After returning to Iceland, he described Greenland as a place with rich resources and beautiful bays, and successfully attracted 25 ship followers to follow him to settle in Greenland. In 986 AD, Red Hair Eric and the first settlers from Iceland settled to the south of Greenland. Since then, more settlers have moved from Scandinavia, the island’s Vikings. People formed two settlements, east and west, with the largest population of 3,000 to 5,000.
  In 1408, a wedding was held in Hvarese church on Greenland. This wedding was the last record of the island’s Vikings. After that, Greenland’s communication with Europe was interrupted and there was no longer any The news came. Scientists’ radiocarbon dating on the island shows that by 1400, settlements in western Greenland were abandoned, and in 1450, residents of the eastern settlements on the island also disappeared. From this, scientists reasoned that between 1480 and 1500, the Viking immigrants on Greenland eventually died out.
Vikings disappear

  At present, there are still many hypotheses about the disappearance of the Vikings on Greenland. Most people believe that the cooling of the climate is the most important factor leading to their disappearance. Gerald Diamond in the book “The Collapse: Tomorrow of Human Society” points out that the five reasons why civilized society will collapse are: 1. The impact of people on the environment. 2. Climate change. 3. Relations with neighboring friends. 4. Relations with enemy countries. 5. Political, economic, and cultural factors. These five socially destructive frameworks are all applicable to Greenland where Vikings live.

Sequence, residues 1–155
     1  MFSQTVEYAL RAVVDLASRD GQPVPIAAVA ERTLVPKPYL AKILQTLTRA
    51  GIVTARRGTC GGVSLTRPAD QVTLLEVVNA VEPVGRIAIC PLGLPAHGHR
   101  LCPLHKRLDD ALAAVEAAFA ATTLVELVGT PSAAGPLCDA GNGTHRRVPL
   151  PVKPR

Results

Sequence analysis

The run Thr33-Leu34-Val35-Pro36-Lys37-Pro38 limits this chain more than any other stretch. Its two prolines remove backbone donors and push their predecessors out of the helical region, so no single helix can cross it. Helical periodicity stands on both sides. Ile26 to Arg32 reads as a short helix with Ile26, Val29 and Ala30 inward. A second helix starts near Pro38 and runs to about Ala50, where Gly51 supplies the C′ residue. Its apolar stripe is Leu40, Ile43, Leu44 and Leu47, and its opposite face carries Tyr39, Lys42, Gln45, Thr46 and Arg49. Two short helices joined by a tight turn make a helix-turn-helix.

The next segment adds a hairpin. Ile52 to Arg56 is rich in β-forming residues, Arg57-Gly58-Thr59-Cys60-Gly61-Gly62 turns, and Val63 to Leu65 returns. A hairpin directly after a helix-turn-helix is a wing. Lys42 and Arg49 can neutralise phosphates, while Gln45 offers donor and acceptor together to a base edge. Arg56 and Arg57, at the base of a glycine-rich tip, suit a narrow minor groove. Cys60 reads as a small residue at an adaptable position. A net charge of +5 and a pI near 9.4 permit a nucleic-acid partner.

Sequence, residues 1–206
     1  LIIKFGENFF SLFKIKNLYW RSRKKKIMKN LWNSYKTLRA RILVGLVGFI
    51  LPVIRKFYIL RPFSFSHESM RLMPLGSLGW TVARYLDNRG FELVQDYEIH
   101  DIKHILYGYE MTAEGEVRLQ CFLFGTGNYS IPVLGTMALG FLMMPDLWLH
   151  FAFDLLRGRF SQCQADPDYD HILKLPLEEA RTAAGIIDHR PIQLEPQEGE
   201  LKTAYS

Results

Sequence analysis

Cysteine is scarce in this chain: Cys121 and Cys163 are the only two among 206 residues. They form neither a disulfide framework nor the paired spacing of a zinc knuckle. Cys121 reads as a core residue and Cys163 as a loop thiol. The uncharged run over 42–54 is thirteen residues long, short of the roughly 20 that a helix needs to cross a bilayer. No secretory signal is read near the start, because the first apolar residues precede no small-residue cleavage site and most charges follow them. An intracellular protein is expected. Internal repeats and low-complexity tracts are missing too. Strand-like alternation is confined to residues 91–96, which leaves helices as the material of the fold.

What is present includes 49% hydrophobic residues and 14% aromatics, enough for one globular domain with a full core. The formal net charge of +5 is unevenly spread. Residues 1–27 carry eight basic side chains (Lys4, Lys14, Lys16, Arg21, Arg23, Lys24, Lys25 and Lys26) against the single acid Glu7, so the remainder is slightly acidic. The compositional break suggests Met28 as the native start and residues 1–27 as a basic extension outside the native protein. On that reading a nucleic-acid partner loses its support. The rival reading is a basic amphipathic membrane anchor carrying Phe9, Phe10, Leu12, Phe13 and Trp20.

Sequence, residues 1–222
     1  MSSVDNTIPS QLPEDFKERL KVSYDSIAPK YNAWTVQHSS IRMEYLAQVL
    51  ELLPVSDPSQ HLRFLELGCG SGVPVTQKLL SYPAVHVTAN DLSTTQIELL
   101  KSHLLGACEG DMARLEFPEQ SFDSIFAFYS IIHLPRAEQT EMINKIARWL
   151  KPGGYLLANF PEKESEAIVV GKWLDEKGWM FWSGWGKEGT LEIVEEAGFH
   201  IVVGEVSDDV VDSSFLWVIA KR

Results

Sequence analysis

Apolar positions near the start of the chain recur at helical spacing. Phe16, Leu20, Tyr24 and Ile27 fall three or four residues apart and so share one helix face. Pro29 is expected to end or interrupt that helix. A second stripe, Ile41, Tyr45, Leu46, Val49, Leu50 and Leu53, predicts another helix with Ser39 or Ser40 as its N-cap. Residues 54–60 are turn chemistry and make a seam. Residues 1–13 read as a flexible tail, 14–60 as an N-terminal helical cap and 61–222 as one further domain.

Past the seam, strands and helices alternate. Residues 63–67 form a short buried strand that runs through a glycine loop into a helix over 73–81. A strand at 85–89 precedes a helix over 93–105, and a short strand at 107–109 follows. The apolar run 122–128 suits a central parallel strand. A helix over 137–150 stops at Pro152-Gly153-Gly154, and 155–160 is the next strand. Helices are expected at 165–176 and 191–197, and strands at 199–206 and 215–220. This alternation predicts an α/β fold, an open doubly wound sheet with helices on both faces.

Greenland, like other polar regions, has experienced multiple climate changes. When the Vikings first arrived in Greenland, it was the warm period of the Middle Ages, and the arrival of the Little Ice Age in 1300 AD put the life of the Vikings on the island in trouble. Frigid weather and short growing seasons have caused a shortage of forage supplies for animal husbandry. Vikings can only rely on seals and fish for their livelihoods, but they lack the technology in this area. The movement of the ice line to the south also forced their trade with Europe to be interrupted, and they could not obtain wood and iron from the outside world, and could only rely on local resources.
  According to scientists’ speculation, the process of disappearing the group of Vikings isolated overseas should be long and painful. Because archeologists found from the carbon isotope analysis of local Vikings that when the Vikings first arrived on the island, only 20% of the food they ate was seafood, and by the time they were about to become extinct, the proportion of eating seafood was as high as 80%. They inferred that cold and malnutrition were the two main causes of death for Vikings.